In a bid to boost the COVID-struck economy and as a measure to bolster the nation’s post-COVID recovery, India’s federal government just recently privatized the nation’s coalfields for the first time since the nation was born.
This privatization, as Prime Minister Narendra Modi insisted would help turn the COVID-crisis into a COVID-opportunity. India’s coalfields had been owned by the state and for the first time, the Narendra Modi-led government opened the sector for private players.
In July, 41 coalfields were put to auction for commercial mining, which, as per reports, unlocked 17 billion tonnes of a black diamond to be exploited by the private players.
While promises to nourish the economy was explicitly cited by the federal government, it failed to uphold and address the growing concern of climate change that will come with the felling of those millions of ancient forests where the commercial coalfields are located in the Central Indian states of Chattisgarh, Jharkhand, Madhya Pradesh and others.
Among the 41 coal mines set to open for the private players, an extensive and ecologically diverse range of forest called the Hasdeo Arand, spanning across 420,000 acres of land, falls in the trajectory of being cleared for mining, the Guardian reports.
The Hasdeo Arand is often deemed as India’s largest continuous range of forest. The area of forest chosen for clearance sits atop an estimated 5 billion tonnes of coal.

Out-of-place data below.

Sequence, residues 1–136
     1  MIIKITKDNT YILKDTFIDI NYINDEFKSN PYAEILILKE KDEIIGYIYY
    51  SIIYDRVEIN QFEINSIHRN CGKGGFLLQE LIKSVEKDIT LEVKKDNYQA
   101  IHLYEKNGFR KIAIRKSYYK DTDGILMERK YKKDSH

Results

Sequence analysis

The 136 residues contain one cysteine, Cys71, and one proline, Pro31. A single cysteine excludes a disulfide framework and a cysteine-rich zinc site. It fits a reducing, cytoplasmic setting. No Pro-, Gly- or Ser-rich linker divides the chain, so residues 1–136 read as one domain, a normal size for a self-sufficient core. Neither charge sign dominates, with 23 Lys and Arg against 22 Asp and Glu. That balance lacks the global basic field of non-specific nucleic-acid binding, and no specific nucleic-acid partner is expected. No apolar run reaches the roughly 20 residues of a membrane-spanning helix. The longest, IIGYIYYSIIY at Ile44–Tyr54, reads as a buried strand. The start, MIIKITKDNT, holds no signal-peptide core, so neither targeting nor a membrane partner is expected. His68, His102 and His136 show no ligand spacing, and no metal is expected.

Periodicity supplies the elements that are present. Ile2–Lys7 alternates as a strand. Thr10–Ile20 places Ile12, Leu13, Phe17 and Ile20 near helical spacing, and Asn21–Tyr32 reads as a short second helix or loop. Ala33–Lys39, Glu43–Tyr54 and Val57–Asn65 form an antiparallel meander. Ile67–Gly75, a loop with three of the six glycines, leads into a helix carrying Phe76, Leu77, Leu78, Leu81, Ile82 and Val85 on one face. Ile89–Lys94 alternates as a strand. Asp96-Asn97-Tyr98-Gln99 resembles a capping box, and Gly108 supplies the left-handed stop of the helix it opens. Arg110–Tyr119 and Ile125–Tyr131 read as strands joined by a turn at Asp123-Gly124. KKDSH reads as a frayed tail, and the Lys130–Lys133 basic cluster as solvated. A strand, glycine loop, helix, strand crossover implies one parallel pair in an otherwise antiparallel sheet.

The Guardian noted that the coalfields now threw open for privatisation were earlier deemed ‘no go’ areas by the government for environmental concerns. Also, because the area is home to indigenous communities and covered in thick forest.
The u-turn by the Modi-led government stirred controversy when the announcement was made to privatize the coalfields. States like West Bengal, Jharkhand, Chhattisgarh wrote to Modi in opposition.
“If the government gave me the option to give up my life in exchange for no more mining happening in the forest, I would do it in a second,” Amra, who’s an Adivasi – Indian indigenous – told the Guardian. Amara wrote Modi urging the government to lit the auction from the Hasdeo Arand region.
Amra is one of those thousands of Adivasis who inhabit the thick forest regions that are under the recent target of being converted into coal mines.
In July, half a million coal miners went into a three-day strike demanding the government retract the privatization imposed on the sector.
“(…) no amount of money can ever compensate us.,” Amra told. “There is no forest like this in the world – cut it down and it can never be replaced.”
(…)reforms and investment in the coal sector will bring in ease of living in the remote corners”, PM Modi said while announcing the privatization of the sector.
The Guardian also noted, despite Modi’s push to open the coal industry and cash in the effects of privatization that he claims will bolster the COVID-19 struck economy, analysis shows the different scenes.
India’s coal is 45% ash, making it one of the most polluted variants in the world. This means, having few to no international buyers of such coal is likely.
Also, India’s own major factories cannot run on the ash-laden coal and this ultimately funnels the nations to continue to import the same.
It must be noted, India is one of the world’s richest coal reserves, yet the second-largest importer of coal.
The government, however, insists the demand for coal will increase in the future, and harvesting the same in the nation itself will propel the ‘self-reliant’ aim.
Environmental activist question why can’t India gradually shift towards a greener and more sustainable energy like Solar power and reduce dependence on import, but the government insists that coal mining is the ‘cheapest’ way to meet the nation’s energy demand.